In his refreshing and thought-provoking presentation on the opening day of IDPF Digital Book (June 4-5, 2012) at BEA 2012, Richard Nash cited the amazing statistic that 16 million people claimed to be engaged in “writing” on the last US census. His point was that publishers have to try to monetize these 16 million beyond selling them books—publishers need to sell services. In the UK, Faber Academy, started by Faber and Faber, has already billed more than £1 million for the creative writing classes it offers. Wannabe-writers are all too ready to avail themselves of publishers’ acknowledged expertise in the form of classes, jacket design, dinner with authors, and more. Publishers engage in innumerable functions that can be unbundled and marketed to these 16 million engaged consumers.
Laura Hazard Owen of paidContent did a very thorough presentation on e-singles: who’s doing them; where they’re selling; why they make sense; revenue shares; risks; etc. The strongest point is that this is a native digital format and one that truly suits the technology. Too often, journalists have been limited by the norms of their venues; even a New Yorker article rarely runs beyond 10,000 words whereas e-singles are generally 5000-30,000 words. And when there’s been interest in expanding an article into a potential book, too often it has had to be artificially lengthened in order to justify a book price. E-Singles are a natural solution that allows for timely publication at what Amazon describes as “the natural length.” E-Singles are also proving to be a very effective promotional tool for fiction writers with upcoming new works; the Lee Child “prequel” which was released a month before his most recent hardcover is the bestselling single to date.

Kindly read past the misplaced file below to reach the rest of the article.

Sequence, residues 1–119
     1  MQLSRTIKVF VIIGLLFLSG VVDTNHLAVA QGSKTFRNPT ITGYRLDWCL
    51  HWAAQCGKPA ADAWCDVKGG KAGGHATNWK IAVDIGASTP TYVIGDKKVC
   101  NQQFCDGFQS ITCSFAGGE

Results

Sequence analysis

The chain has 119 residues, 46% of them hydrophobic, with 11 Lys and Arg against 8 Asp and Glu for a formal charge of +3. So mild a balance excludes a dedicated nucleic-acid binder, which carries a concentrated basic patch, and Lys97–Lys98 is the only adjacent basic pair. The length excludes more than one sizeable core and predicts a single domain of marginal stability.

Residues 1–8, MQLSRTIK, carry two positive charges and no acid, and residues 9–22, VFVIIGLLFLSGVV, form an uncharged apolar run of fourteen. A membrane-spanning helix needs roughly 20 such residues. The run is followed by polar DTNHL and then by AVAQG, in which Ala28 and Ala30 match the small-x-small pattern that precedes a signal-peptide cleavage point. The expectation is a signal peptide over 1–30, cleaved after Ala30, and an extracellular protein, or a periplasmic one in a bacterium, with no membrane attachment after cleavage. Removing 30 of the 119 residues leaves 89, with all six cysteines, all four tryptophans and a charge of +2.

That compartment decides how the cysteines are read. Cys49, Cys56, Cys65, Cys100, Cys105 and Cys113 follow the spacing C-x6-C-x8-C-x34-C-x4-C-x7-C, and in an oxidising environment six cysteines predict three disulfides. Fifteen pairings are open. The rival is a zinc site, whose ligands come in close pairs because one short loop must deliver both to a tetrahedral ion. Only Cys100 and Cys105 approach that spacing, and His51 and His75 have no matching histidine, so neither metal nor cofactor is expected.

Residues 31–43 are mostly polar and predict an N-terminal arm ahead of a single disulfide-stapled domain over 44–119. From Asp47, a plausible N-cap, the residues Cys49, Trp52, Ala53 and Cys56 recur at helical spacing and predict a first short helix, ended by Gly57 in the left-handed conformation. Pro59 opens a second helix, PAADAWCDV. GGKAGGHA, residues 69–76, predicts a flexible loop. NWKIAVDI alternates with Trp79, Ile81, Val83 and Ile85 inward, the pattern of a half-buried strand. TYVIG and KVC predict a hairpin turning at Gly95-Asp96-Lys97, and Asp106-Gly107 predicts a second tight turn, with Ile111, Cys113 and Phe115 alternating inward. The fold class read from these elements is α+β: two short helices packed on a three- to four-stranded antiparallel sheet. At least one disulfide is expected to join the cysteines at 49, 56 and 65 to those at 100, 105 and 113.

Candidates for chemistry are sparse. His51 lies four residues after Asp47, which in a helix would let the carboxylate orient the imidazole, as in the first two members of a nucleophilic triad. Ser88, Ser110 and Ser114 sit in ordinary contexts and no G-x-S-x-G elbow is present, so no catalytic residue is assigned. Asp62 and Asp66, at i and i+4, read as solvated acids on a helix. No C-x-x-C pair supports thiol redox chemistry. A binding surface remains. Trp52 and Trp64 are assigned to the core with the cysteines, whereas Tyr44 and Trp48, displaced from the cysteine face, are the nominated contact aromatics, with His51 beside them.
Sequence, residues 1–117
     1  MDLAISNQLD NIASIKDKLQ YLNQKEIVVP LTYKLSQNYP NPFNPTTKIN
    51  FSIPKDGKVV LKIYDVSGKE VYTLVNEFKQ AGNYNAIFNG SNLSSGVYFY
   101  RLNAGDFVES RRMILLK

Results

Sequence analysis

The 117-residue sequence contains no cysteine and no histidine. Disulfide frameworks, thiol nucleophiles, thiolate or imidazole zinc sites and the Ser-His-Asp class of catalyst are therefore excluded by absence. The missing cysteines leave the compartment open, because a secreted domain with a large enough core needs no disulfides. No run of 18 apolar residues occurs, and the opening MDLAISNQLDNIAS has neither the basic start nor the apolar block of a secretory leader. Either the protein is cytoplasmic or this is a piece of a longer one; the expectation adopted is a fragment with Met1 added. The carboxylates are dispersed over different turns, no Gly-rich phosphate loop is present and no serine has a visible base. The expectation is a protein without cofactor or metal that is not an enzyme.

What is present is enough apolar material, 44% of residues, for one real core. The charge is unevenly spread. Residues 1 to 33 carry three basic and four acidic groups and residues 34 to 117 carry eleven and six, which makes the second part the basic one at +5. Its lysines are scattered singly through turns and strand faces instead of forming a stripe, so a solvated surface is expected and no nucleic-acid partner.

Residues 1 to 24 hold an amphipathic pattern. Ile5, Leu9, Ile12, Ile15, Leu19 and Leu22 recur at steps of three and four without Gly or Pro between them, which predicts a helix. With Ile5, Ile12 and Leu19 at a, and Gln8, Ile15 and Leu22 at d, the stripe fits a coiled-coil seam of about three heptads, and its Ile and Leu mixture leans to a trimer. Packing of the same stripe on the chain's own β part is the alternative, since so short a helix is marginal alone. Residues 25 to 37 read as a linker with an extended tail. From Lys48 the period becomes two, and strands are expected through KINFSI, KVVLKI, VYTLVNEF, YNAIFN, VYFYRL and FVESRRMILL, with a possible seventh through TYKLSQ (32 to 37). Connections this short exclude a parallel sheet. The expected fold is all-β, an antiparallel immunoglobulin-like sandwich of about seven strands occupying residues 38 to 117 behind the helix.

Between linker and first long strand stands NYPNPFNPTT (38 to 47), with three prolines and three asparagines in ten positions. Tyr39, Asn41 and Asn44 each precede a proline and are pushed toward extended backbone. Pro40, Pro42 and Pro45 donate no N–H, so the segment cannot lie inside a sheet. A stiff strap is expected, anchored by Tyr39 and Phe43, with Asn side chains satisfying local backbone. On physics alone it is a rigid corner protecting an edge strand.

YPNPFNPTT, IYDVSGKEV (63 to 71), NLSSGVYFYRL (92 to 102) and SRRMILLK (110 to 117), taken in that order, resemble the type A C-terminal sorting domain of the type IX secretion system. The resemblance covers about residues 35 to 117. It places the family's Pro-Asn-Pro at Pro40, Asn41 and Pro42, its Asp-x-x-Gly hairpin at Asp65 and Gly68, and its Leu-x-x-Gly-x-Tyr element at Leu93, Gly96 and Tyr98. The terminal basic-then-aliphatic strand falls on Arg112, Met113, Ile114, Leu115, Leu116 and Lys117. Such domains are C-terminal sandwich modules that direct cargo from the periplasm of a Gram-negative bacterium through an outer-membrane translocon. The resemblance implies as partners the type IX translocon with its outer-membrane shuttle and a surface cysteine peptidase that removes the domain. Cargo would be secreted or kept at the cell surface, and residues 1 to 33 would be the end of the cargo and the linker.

There are start-ups in this category such as The Atavist, Byliner, and Now & Then, as well as book and magazine publishers that are repurposing content for this market. It’s not clear that the start-ups can make a viable business from singles alone; The Atavist also licenses a content management system which it says generates more than five times the revenue as the singles. Obviously for established brands and book publishers, this format can represent incremental income—even if not huge, due to the necessarily low prices ($.99-$4.99 with the vast majority under $3)—and carries a relatively low cost of entry. Interestingly, both magazine and book publishers have seen value in what the other has to offer, resulting in a number of partnerships, such those as those between Random House and Politico; Hachette and Bloomberg Business Week; Open Road and Seventeen.